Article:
Mixed Bag of Systems

By Doug Bartholomew  |  Posted 2008-03-11 Email Print this article Print
 
 
 
 
 
 
 

In the face of pushback from hospitals and physicians, the CDC has revamped its ambitious BioSense network, designed to provide early warning of a potential flu outbreak. Now the agency is offering grants to promote the sharing of data among state health departments, while building new systems to alert physicians in the event of a pandemic. 

Mixed Bag of Systems
Because BioSense is used only on a limited basis around the country, the CDC continues to rely on a mixed bag of different systems—some completed, some not—to uncover a major pandemic in the making. Chief among these is the Influenza Sentinel Provider Surveillance System, which depends on some 2,200 volunteer physicians to collect information from patients who exhibit flu-like symptoms. The CDC also uses the World Health Organization’s FluNet system, a database that epidemiologists and other researchers can query to learn about flu-related activity in other countries.

Laboratory data can provide yet another indicator of unusual flu activity. “We are looking to recognize cases early on by using laboratory data and to report that data automatically to public health authorities and the CDC at the same time,” the CDC’s Dr. Lenert says. The CDC depends on the Laboratory Response Network, which connects it with state health department laboratories and other laboratories that have special training to perform influenza research.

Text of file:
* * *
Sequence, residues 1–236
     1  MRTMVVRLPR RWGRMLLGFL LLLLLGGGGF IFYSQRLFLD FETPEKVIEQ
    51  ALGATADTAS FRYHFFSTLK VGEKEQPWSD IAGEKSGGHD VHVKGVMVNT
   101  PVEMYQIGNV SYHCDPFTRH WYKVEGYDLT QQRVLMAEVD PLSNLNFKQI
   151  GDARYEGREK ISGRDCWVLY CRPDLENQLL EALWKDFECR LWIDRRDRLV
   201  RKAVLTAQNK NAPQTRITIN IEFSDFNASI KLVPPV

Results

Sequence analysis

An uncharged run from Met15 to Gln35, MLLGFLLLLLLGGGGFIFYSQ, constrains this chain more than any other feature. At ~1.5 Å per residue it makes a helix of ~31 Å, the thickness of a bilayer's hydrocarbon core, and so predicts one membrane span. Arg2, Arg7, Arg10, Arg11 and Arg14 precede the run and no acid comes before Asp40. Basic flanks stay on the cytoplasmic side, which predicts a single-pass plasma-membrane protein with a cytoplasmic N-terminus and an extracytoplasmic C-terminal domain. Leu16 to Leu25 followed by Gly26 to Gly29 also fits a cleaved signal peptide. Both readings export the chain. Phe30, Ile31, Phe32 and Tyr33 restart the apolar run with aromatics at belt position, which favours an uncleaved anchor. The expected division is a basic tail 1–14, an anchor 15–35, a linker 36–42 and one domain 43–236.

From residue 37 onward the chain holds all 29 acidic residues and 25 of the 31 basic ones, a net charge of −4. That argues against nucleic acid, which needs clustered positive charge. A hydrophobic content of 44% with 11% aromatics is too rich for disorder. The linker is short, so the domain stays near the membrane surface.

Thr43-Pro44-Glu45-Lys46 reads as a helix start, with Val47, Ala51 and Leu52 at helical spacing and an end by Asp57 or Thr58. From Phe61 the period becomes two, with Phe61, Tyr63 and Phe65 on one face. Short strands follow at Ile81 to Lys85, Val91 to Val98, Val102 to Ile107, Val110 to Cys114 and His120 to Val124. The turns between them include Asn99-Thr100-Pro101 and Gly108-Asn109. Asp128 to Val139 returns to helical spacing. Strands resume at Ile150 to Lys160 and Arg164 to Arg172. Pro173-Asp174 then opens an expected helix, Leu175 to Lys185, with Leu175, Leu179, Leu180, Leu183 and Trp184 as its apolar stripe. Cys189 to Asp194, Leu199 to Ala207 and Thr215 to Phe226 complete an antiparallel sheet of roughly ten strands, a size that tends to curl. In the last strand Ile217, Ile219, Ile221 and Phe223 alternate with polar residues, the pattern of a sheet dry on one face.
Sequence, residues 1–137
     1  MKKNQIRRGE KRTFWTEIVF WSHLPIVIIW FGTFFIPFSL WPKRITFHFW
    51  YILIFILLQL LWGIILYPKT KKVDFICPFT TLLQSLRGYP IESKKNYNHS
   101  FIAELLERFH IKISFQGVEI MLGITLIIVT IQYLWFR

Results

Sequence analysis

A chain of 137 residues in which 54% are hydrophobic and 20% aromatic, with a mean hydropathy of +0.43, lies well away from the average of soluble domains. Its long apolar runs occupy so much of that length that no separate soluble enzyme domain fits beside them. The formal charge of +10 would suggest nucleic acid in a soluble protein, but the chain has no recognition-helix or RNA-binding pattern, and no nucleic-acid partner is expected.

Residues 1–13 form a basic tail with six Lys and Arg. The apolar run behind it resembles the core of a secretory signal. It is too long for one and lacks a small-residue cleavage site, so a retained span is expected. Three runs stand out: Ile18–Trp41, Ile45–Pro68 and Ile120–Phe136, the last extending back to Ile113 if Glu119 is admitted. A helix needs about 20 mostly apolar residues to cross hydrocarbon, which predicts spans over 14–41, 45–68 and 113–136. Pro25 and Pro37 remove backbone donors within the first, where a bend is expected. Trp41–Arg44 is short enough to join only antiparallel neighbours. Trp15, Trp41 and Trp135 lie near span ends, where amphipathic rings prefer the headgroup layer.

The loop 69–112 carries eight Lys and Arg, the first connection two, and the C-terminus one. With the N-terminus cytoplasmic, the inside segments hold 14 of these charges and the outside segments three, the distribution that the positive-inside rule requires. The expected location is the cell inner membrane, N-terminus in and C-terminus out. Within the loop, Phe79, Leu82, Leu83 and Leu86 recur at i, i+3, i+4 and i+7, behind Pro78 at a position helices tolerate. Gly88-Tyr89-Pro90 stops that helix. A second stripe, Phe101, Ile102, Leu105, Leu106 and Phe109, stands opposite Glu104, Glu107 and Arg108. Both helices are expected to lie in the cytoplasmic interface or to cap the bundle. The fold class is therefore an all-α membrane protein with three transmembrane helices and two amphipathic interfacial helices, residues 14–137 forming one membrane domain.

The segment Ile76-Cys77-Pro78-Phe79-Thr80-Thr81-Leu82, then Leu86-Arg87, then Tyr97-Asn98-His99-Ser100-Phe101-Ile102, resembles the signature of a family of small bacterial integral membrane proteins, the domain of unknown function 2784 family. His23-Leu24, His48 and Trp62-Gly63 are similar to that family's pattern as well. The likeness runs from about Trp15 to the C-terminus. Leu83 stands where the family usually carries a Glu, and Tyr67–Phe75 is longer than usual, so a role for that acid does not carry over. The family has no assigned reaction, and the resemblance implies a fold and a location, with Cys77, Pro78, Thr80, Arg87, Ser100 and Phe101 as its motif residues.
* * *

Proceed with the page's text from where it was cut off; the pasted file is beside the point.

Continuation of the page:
Pandemics are monitored using a system called the Health Alert Network. “We use this system to communicate to physicians and health departments about how to report cases, what to look for and other information about specific cases,” says Dr. Steve Redd, a CDC epidemiologist.

Another system, FluFinder, was begun in 2004 during a shortage of flu vaccine. The system allows health officials to locate vaccine supplies.

With all these systems—and others—in the works, the CDC must consolidate its information systems in order to provide more timely data to its own staff and to health care professionals in the field.



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Doug Bartholomew is a career journalist who has covered information technology for more than 15 years. A former senior editor at IndustryWeek and InformationWeek, his freelance features have appeared in New York magazine and the Los Angeles Times Magazine. He has a B.S. in Journalism from Northwestern University.
 
 
 
 
 
 

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